Questions have been raised over the future of Glengorm, hailed as the UK’s largest gas discovery in a decade, after an appraisal campaign yielded no commercial hydrocarbons.
Glengorm, found in the Central North Sea in 2019 by Chinese operator CNOOC, was originally hailed as the largest in UK waters for a decade, with partner TotalEnergies estimating 250million recoverable barrels of oil equivalent.
However CNOOC has now completed its appraisal campaign, seeking to firm up the number of barrels, leading to uncertainty around the future of the project.
In a statement, the operator said the Glengorm central well “contained no commercial hydrocarbons” and that a “comprehensive data analysis program” is now getting underway.
The news comes following appraisal work at the nearby Glengorm South well, nearby to the 2019 discovery, which similarly did not find commercial resource levels.
The operator said it is leaving the door open on a potential development as it seeks to address next steps, although the update means the Glengorm field is not as big as first hoped.
Despite TotalEnergies’ figures, CNOOC did not release estimates for the number of barrels at the time of the find, instead saying it encountered “net gas and condensate pay zones with a total thickness of 37.6 meters“.
CNOOC said that provisionally still stands while it goes back to the drawing board.
In 2019, Glengorm had hailed by the industry regulator, the Oil and Gas Authority (OGA), as underlining “the considerable potential of the UK” as a “world-class petroleum basin”, while analysts described it as a huge exploration hotspot.
Following an appraisal campaign on the main Glengorm central well, CNOOC said: “The well contained no commercial hydrocarbons and has been plugged and abandoned. A comprehensive data analysis program is underway.
“The results of the appraisal programme will be evaluated to inform forward plans for the P.2215 licence.”
Glengorm lies 118 miles east of Aberdeen in the P2215 licence area, with TotalEnergies’ Elgin-Franklin installation and its Culzean platform being considered viable tie-back hosts.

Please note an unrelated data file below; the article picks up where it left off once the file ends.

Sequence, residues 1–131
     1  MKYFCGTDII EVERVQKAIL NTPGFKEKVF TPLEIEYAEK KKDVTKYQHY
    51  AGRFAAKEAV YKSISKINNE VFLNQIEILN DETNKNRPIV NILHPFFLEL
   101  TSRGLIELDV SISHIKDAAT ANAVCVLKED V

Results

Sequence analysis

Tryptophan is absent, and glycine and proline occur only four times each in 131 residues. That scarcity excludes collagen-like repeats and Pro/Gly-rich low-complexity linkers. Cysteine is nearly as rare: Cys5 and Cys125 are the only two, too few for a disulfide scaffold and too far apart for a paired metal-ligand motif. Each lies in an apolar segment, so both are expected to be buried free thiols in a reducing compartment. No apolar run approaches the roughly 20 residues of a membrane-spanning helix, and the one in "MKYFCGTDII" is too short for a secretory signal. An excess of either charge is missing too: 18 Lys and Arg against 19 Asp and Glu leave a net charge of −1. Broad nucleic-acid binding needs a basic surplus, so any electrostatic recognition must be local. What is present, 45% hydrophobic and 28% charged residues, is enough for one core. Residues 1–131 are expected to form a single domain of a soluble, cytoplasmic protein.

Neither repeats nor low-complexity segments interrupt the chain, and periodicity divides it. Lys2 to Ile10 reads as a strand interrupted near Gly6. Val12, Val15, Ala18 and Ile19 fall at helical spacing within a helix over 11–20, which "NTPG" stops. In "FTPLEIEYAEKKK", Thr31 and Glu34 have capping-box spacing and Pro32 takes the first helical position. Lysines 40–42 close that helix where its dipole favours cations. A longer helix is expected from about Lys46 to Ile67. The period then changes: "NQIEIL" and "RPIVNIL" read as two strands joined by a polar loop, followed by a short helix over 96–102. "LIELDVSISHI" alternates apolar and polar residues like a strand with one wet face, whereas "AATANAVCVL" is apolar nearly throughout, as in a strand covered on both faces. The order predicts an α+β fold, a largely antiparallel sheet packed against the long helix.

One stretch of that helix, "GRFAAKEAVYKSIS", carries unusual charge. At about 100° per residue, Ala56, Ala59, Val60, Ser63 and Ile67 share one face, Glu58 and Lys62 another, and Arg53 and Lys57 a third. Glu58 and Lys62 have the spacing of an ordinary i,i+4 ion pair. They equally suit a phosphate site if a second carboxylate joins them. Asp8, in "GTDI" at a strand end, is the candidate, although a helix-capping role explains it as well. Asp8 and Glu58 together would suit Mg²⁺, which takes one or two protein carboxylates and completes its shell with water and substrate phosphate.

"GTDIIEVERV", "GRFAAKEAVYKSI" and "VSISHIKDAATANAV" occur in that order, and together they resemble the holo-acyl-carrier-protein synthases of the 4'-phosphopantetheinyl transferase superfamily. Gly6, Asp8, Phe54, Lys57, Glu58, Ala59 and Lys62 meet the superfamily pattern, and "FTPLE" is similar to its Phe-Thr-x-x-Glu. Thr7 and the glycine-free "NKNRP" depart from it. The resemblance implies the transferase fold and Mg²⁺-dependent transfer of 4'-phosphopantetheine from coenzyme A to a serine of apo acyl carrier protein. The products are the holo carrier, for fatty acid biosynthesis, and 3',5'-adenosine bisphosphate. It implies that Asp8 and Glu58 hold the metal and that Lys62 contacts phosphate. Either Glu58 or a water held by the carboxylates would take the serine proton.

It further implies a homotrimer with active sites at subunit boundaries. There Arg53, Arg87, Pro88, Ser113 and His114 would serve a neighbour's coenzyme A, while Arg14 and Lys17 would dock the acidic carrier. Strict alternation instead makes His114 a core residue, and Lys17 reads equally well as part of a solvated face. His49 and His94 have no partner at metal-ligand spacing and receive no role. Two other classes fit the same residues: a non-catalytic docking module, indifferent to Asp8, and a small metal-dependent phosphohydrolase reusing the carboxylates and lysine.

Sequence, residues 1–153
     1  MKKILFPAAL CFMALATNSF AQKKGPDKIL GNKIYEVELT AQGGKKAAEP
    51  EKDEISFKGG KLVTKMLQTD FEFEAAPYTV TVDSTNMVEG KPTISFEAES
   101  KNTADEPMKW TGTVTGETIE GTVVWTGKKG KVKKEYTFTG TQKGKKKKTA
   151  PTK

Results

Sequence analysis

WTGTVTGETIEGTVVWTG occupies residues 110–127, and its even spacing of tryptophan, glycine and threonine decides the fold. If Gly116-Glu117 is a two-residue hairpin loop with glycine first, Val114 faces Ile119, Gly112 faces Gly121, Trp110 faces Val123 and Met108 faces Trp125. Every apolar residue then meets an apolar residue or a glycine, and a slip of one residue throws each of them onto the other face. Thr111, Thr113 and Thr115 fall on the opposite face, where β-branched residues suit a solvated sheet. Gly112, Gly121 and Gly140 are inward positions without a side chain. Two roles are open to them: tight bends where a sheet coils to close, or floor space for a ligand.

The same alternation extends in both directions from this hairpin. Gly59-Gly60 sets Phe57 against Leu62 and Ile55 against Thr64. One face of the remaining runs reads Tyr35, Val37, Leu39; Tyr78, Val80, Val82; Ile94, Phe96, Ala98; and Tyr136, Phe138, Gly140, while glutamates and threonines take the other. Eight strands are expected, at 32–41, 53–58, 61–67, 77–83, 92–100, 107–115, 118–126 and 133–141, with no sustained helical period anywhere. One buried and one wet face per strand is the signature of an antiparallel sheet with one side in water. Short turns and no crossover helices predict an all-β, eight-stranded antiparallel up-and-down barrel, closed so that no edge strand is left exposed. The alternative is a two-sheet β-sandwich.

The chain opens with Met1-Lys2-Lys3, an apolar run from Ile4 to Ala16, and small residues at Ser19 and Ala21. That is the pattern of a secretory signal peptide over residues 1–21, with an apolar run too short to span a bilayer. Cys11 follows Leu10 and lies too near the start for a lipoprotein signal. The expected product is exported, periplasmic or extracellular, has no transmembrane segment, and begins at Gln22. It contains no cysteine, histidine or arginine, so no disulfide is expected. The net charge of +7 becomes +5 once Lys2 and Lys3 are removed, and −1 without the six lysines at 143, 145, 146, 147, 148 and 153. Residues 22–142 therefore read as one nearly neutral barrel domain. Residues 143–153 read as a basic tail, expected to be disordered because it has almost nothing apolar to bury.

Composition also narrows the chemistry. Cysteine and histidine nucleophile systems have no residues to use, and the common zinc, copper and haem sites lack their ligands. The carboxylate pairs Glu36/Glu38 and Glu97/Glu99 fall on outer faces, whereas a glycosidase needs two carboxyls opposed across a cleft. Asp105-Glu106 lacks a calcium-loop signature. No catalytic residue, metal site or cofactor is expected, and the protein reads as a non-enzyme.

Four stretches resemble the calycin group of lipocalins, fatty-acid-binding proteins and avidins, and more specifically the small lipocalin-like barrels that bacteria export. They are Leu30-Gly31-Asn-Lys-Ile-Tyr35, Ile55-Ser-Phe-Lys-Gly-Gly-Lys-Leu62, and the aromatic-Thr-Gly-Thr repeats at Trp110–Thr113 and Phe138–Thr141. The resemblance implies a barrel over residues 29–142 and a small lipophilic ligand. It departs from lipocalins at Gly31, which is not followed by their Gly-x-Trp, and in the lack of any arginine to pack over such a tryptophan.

When the find was announced, the consultancy Wood Mackenzie said it was the largest since the Culzean field in 2008.
Senior analyst Kevin Swann said at the time that “this find shows there is still life in some of the more mature UK waters”.
Similarly Rystad Energy said the find would be an “industry hot spot for years”.
At the time, CNOOC and its partner Energean stressed that this was independent of the main discovery.
Operator CNOOC holds 50% of the licence and Total, which acquired Maersk Oil, has 25%, and the remainder is held by Energean.
Ashley Kelty, senior research analyst at investment bank Panmure Gordon, said the latest development appears to shut down hopes of a new project at the site.
He said: “This is clearly a disappointing result – and does suggest that it’s definitely not as big as originally claimed.
“It would suggest from the tone of the (CNOOC statement) that they are going cold on the idea of development.
“It could well be that its not going to be economically viable to develop a smaller HPHT (high pressure, high temperature) field given the technical difficulty and capex required. It also raises the issue of Government policy towards new developments and the wider issue of energy security.”
Mr Kelty added that it is a negative blow also for JV partner Energean, who acquired the stake in 2019 through a £600 million deal to buy the oil and gas arm of Italian energy group Edison from French utility EDF.
As for the other partners, he said: “Total and CNOOC are both big enough that this is immaterial in the grand scheme.”
Industry association Oil and Gas UK (OGUK) had no comment, the OGA declined to comment.